A ROOFER who left his vulnerable victim £5,300 out of pocket – for work that should have cost around £180 – has avoided a prison sentence.

Toby Price, 25, of Best Price Roofing Services, faced four charges of fraud by false representation and one  charge of engaging in unfair commercial practices which were misleading by omission.

The offences involved in the same victim, from Merlin’s Bridge, in July last year.

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The court heard that the victim had noticed a damp patch on his ceiling, and when he checked outside, saw that a roof tile had slipped.

His usual property maintenance firm was unavailable, so the victim searched for a firm on Google – finding Best Price Roofing Services.

Price attended the man’s home on July 1, and quoted him £800 to fix the tile. He claimed, prosecutor Christian Jowett said, that this price was to cover the insurance costs.

The court heard that an independent contractor subsequently valued the work at £80 plus VAT.

Mr Jowett said Price failed to give his victim information about his consumer or cancellation rights.

Price then told his victim that the chimney stack on his house was “leaning” and “warped”.

He said he would complete the work at a discounted fee – although the amount quoted was still several thousand pounds.

The man said he would think about it, but Price pressured him in to accepting the job, saying “it was at risk of falling down”. The victim’s wife – whose mobility was severely limited and who the victim cared for – was directly underneath the chimney stack inside the house, the court heard.

Price spent “30 to 40 minutes” on the roof on July 4 and the victim paid him £4,500 for the work by bank transfer.

An independent contractor found that the rendering work on the chimney stack “was of poor quality” and the debris left there “made it worse”. The contractor said the work should have cost “approximately £100 plus VAT”, Mr Jowett said.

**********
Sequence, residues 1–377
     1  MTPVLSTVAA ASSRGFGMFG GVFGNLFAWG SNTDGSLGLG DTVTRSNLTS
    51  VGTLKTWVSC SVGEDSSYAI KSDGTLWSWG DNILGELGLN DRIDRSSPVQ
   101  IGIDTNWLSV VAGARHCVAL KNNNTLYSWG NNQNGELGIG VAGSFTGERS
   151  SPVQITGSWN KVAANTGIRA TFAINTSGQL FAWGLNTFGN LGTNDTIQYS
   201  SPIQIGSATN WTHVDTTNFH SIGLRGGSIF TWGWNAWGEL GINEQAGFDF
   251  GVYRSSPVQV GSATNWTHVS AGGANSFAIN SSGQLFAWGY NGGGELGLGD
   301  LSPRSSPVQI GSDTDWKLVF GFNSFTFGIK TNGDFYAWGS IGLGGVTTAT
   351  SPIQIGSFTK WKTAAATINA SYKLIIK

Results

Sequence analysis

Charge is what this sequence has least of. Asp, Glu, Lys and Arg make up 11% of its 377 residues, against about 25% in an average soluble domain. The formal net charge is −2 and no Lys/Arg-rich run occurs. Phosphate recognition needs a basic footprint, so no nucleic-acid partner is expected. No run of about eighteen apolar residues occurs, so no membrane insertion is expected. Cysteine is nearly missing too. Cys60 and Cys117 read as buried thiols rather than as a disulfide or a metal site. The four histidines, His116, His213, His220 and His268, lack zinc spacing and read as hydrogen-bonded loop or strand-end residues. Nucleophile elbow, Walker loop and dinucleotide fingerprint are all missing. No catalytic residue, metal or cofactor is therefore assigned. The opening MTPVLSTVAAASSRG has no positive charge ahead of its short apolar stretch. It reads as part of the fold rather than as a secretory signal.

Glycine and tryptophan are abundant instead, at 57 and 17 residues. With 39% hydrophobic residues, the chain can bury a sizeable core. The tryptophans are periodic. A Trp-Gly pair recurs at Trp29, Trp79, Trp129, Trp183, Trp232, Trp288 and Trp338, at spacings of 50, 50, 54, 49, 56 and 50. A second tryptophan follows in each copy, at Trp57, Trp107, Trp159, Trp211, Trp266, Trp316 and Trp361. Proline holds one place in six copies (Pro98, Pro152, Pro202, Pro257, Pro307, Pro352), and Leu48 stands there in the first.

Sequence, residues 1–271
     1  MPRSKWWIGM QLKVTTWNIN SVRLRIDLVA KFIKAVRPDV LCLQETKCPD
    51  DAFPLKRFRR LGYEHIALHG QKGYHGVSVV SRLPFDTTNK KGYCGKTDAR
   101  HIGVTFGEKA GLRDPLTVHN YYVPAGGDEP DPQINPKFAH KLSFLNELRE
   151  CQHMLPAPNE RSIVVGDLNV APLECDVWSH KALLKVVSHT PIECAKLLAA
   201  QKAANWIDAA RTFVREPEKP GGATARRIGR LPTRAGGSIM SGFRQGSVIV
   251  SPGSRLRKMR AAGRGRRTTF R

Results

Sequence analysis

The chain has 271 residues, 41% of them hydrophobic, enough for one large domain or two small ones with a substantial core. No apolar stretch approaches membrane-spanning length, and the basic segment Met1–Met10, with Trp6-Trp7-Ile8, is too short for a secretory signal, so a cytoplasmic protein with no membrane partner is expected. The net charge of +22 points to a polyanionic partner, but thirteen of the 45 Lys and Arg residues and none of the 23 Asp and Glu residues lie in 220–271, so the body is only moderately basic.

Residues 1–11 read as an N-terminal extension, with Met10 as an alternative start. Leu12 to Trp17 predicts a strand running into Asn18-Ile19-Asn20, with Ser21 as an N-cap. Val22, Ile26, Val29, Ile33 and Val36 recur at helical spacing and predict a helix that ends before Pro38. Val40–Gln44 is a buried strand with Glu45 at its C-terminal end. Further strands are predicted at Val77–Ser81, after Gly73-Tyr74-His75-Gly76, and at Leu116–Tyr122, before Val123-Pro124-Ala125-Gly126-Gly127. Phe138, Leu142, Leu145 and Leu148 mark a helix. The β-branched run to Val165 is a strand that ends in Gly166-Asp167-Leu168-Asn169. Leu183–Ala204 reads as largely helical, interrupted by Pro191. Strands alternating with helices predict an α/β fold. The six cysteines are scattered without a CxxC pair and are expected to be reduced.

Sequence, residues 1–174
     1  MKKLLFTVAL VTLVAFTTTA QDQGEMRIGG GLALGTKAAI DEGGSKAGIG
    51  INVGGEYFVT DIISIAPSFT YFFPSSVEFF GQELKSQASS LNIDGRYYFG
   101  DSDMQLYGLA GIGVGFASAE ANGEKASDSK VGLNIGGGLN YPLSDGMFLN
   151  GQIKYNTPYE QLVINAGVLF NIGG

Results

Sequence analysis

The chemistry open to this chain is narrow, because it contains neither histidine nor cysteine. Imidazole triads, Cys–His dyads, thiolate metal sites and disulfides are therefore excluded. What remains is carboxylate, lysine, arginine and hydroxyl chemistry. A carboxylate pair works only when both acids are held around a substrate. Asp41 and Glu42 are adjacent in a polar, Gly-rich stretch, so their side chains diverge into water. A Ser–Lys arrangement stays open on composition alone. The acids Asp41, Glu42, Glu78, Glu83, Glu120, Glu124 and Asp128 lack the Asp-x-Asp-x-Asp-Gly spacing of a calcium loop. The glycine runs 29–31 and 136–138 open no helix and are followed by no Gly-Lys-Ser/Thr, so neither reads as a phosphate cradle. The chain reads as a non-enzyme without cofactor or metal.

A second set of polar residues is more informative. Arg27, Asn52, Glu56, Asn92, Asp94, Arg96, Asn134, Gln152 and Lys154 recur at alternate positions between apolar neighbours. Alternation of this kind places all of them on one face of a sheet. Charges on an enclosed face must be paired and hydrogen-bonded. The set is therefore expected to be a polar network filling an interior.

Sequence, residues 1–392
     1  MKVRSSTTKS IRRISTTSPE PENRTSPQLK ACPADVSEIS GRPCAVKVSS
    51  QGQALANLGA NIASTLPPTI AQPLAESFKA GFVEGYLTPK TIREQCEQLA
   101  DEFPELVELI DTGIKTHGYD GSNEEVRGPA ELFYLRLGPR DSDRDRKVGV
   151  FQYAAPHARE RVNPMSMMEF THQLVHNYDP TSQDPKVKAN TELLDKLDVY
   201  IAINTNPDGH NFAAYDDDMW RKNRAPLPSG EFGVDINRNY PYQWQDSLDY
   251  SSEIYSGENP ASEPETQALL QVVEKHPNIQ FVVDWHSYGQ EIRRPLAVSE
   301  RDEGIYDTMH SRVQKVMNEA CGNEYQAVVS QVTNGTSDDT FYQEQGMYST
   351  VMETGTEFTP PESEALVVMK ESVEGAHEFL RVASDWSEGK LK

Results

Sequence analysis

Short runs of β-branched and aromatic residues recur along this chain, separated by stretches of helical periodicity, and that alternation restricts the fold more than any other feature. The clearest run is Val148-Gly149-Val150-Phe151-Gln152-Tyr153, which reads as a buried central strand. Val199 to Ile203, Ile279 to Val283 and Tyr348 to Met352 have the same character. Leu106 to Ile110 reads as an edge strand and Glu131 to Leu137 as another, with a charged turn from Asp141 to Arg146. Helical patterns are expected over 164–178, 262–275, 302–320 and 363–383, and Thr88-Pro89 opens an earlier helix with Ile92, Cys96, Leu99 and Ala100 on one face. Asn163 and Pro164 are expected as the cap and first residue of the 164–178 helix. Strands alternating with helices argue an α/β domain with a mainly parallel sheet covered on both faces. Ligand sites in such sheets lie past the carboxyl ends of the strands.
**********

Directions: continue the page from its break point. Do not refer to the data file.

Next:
On August 5, Price rang the victim and said another roof tile had slipped. He asked whether the victim wanted him to fix it, but the victim declined.

An investigation began in to Price in October last year after the victim’s usual property maintenance firm contacted Pembrokeshire council’s Trading Standards team.

Trading Standards attempted to contact Price, but the number on the business card he had given to the victim was not in use and the email address did not exist.

When an alternative number the victim had been given was called, the defendant refused to identify himself as being from Best Price Roofing Services, and then claimed it was a wrong number and his name was ‘Glyn’ when he found out the call was from Trading Standards.

Nik Strobl, defending, said the main mitigation he could put forward relating to the offences was Price’s guilty pleas at the plea and trial preparation hearing.

He said that Price had not initially targeted the “vulnerable” victims – both the victim and his wife have learning difficulties – as the victim had contacted him about the work. He did admit, though, this didn’t apply to the offences relating to the chimney stack, and that after being initially contacted, Price “turned up and took advantage of the situation”.

Mr Strobl said the custody threshold had been passed, but argued that Price’s sentence could be served in the community. He added that Price had two young children, and was a carer for his mother.

Judge Catherine Richards sentenced Price to 15 months, suspended for 18 months. As part of this, he must complete 250 hours of unpaid work and 15 rehabilitation activity requirement days.

Price, of Broadmoor, near Kilgetty, was also ordered to pay compensation, but due to his “limited means” – being on Universal Credit – he was ordered to repay just £900 to his victims.

“It is clear that the debt you owe to these vulnerable victims is considerably higher,” said Judge Richards.